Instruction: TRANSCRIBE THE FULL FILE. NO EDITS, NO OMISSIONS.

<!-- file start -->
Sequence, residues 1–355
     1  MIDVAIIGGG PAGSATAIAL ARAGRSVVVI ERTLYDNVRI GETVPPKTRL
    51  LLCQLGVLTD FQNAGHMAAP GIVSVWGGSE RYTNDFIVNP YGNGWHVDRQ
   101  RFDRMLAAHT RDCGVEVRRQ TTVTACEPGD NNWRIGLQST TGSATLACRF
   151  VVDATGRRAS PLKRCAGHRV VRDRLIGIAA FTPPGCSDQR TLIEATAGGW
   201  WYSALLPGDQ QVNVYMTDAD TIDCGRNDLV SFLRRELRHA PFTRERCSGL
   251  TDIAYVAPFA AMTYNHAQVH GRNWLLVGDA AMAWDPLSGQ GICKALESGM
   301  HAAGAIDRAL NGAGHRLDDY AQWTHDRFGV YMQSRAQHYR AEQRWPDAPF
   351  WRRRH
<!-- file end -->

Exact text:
Sequence, residues 1–355
     1  MIDVAIIGGG PAGSATAIAL ARAGRSVVVI ERTLYDNVRI GETVPPKTRL
    51  LLCQLGVLTD FQNAGHMAAP GIVSVWGGSE RYTNDFIVNP YGNGWHVDRQ
   101  RFDRMLAAHT RDCGVEVRRQ TTVTACEPGD NNWRIGLQST TGSATLACRF
   151  VVDATGRRAS PLKRCAGHRV VRDRLIGIAA FTPPGCSDQR TLIEATAGGW
   201  WYSALLPGDQ QVNVYMTDAD TIDCGRNDLV SFLRRELRHA PFTRERCSGL
   251  TDIAYVAPFA AMTYNHAQVH GRNWLLVGDA AMAWDPLSGQ GICKALESGM
   301  HAAGAIDRAL NGAGHRLDDY AQWTHDRFGV YMQSRAQHYR AEQRWPDAPF
   351  WRRRH